Showing posts from April, 2020

Why I Don't Look At The Bright Side Of Things 24/7

My son’s second grade teacher has been wonderful through this whole pandemic. She, as well as all the other amazing second grade teachers at our school district, have put together lessons and posted them on Padlet for the kids to complete at home. They divide the lessons by section, and one of the sections is called Social/Emotional Learning. Ethan has never been too into completing the lessons in that section and, admittedly, I haven’t pushed it much because I think he is already dealing with enough (aren’t we all?). I bring it up a few times a week in hopes that he will find something on the list that catches his eye that we can hopefully work on together. However, For this week, the lesson at the top of the Social/Emotional Learning list was called “Optimism Lesson”, and my first reaction to that was: there is no way I am having Ethan complete that one. I know, what kind of mother am I if I’m not promoting optimism and the good side of things to my child, especially if he struggles

Why I Need To Learn To Be "Enough"

I have to be honest; Passover has never been one of my favorite holidays. Maybe it’s because the Seder is so long, or because trying to coordinate so many people to pay attention in our super long Seder table (as in 30+ people) for one Seder, after completing the first half at another Seder, is just too much. I am not someone who thrives in rooms with a lot of people and a lot of noise, even when I’m surrounded by my loved ones. For years now, my sisters and I have had to split our time between two houses in one night. Granted, I don’t always get to go to Chile for Passover, but even during years that I don’t, I still have to “virtually” divide myself for both, mostly in solidarity to my sisters, and so I can be “there” for both sides of the family. This year, the Seder has taken a whole different meaning for me. It goes beyond the fact that we all have to celebrate a very family-centered holiday (in my family’s case, more so than all the other holidays throughout the year) separa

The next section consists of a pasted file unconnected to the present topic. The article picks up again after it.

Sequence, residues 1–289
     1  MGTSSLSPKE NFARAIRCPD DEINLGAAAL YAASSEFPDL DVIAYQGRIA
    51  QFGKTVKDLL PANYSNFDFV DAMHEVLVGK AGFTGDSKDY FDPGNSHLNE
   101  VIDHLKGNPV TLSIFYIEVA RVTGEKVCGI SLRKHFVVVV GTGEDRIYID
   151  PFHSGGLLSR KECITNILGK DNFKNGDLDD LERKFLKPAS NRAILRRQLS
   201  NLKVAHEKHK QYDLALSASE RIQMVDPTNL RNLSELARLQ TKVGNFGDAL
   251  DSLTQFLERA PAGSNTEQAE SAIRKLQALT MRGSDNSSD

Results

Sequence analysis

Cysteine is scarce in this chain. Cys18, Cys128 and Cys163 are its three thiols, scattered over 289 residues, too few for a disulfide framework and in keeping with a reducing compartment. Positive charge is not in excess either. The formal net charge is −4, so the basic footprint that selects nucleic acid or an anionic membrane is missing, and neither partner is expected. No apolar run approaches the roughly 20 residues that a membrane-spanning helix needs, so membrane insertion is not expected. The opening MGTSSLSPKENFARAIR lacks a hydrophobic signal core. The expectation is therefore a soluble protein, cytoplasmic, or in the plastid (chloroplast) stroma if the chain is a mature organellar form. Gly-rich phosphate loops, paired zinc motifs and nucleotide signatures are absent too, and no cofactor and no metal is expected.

Why We Need To Embrace Our New Normal As Permanent

I have always loved the movie Wall-E. There is something so endearing about the little robot and its tiny little scooper that is so determined to clean a completely shattered world; How he goes through his day literally reorganizing dirt and collecting little treasures like Rubik’s cubes and rubber duckies, all while ending his day by indulging in the uplifting sounds of Carol Channing in “Hello Dolly”. Wall-E and Eva end up fighting the forces that be (better known as autopilot) against all odds to save humanity through a simple little sprout of green hope. Truly, if that movie doesn’t move you to tears every time you watch it, we need to have a conversation about feelings. I remember watching that movie for the first time. I was gearing up to start my master’s in social work, so my brain was in that liminal stage between having taken a semester off to reassess my life and preparing to return to a classroom and learn how to analyze people and things. After the first time I watched,